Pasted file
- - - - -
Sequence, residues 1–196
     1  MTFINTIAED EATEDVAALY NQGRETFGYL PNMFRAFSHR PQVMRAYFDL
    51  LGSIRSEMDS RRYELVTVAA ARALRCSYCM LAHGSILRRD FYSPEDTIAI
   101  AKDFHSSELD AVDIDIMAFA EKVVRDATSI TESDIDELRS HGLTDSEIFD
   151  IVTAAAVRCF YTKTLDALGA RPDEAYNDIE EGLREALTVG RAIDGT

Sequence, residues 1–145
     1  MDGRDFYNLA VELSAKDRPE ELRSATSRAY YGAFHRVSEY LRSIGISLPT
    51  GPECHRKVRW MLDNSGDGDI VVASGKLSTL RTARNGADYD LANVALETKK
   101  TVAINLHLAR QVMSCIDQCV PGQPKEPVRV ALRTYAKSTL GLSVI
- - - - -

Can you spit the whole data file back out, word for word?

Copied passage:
Sequence, residues 1–196
     1  MTFINTIAED EATEDVAALY NQGRETFGYL PNMFRAFSHR PQVMRAYFDL
    51  LGSIRSEMDS RRYELVTVAA ARALRCSYCM LAHGSILRRD FYSPEDTIAI
   101  AKDFHSSELD AVDIDIMAFA EKVVRDATSI TESDIDELRS HGLTDSEIFD
   151  IVTAAAVRCF YTKTLDALGA RPDEAYNDIE EGLREALTVG RAIDGT

Sequence, residues 1–145
     1  MDGRDFYNLA VELSAKDRPE ELRSATSRAY YGAFHRVSEY LRSIGISLPT
    51  GPECHRKVRW MLDNSGDGDI VVASGKLSTL RTARNGADYD LANVALETKK
   101  TVAINLHLAR QVMSCIDQCV PGQPKEPVRV ALRTYAKSTL GLSVI